How To Succeed in College/Should You Go To College

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A question that every potential college student should ask is: Should I go to college? While the answer for you may seem obvious, there are a number of factors to weigh when considering this issue.

Benefits[edit]

Jobs and Income[edit]

Attending college does substantially increase one's income.[1] Individuals who attend college have substantially higher lifetime earnings than do individuals who do not attend college, on average. Another benefit of college attendance is greater choice in jobs. Attending college increases the number of jobs for which one is qualified.

Civic Engagement[edit]

One of the more interesting correlates of attending college is an increased propensity to participate in civic life. Civic participation involves doing volunteer or unpaid work with voluntary associations, charitable groups, or political involvement. Individuals who graduate from college are 2.1 times more likely to volunteer for civic, community, or youth groups and 1.7 times more likely to volunteer for charitable organizations or social welfare groups than are non-college graduates.[2] Overall, 13% of college graduates volunteered for civic, community, or youth groups and 9% volunteer for charitable organizations or social welfare groups in one study, compared with 5% and 4% of non-college graduates, respectively. Additionally, individuals who were unlikely to attend and complete college see the greatest benefit to civic participation as a result of attending college.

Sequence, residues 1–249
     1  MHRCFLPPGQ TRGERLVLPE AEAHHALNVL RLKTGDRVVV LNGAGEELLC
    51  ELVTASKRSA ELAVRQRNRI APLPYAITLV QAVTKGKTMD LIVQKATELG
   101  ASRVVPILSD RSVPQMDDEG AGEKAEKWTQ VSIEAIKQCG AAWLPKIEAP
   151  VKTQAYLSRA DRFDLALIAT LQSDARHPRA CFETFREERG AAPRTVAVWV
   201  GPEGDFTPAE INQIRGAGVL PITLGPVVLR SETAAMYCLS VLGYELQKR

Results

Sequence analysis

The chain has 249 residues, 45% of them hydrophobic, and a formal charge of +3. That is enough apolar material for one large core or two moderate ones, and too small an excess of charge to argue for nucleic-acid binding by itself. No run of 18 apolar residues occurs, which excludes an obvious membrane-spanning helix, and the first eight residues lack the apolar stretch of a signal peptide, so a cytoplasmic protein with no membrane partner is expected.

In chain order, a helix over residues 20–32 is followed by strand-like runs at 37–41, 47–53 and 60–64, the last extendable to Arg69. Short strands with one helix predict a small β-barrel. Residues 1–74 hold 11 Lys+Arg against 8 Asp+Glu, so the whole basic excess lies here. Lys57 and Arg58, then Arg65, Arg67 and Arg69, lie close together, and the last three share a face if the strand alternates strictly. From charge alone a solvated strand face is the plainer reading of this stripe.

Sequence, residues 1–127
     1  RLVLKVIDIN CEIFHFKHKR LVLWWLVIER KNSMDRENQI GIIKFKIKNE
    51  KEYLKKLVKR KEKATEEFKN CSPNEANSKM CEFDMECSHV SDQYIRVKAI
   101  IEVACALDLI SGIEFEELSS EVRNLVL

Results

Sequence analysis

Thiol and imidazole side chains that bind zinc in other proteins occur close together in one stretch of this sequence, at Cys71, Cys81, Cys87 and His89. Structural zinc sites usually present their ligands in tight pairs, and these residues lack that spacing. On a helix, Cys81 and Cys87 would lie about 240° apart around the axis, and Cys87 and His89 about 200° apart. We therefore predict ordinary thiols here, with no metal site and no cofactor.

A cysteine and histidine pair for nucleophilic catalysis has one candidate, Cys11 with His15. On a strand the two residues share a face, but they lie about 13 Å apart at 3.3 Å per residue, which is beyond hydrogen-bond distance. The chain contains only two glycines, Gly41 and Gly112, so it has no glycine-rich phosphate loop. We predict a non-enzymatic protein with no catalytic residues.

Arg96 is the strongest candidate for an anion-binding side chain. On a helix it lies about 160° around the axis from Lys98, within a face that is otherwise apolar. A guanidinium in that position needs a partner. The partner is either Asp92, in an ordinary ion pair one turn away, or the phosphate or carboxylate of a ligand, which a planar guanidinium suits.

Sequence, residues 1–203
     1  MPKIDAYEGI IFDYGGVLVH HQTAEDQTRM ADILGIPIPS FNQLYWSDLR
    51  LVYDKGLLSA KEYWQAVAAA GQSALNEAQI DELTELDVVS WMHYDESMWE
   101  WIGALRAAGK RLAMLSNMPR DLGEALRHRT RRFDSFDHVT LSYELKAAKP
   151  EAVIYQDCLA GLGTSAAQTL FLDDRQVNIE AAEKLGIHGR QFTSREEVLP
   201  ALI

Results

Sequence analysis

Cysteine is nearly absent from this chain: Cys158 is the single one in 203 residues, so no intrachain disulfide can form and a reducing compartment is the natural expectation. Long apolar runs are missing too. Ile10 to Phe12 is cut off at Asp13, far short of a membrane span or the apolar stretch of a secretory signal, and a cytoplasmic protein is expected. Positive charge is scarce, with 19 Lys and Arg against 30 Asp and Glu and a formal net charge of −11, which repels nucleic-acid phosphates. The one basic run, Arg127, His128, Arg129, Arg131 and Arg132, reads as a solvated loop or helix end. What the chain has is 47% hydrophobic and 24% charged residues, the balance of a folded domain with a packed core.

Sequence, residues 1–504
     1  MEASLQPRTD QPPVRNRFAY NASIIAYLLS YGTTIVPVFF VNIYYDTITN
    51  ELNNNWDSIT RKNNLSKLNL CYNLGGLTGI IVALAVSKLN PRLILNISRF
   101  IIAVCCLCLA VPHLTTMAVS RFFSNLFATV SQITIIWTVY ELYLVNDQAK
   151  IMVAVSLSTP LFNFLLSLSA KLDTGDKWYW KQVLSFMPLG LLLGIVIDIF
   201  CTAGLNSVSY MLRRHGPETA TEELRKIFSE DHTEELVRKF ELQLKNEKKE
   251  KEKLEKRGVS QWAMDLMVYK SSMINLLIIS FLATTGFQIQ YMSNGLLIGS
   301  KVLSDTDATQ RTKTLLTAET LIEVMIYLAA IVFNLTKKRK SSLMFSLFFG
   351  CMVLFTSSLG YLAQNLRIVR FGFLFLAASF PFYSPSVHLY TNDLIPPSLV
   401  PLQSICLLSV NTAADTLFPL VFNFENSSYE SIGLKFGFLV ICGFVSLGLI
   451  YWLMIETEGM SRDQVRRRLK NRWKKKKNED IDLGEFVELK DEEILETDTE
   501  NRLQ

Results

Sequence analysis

Why are college graduates more likely to volunteer? Prior research suggests that college students learn about the civic norms and responsibilities required to govern democratic societies in college. Additionally, college students are often encouraged to participate in charitable work. And college students receive training in organizational skills that facilitate civic engagement. As a result, college graduates are more likely to recognize the importance of volunteering and be good at organizing volunteer activities.

Not only do individuals benefit from college, but so does society in general.

Costs[edit]

References[edit]

  1. Brand, Jennie E., and Yu Xie. 2010. “Who Benefits Most from College? Evidence for Negative Selection in Heterogeneous Economic Returns to Higher Education.” American Sociological Review 75(2):273-302.
  2. Jennie E. Brand. 2010. “Civic Returns to Higher Education: A Note on Heterogeneous Effects.” Social Forces 89(2):417-433.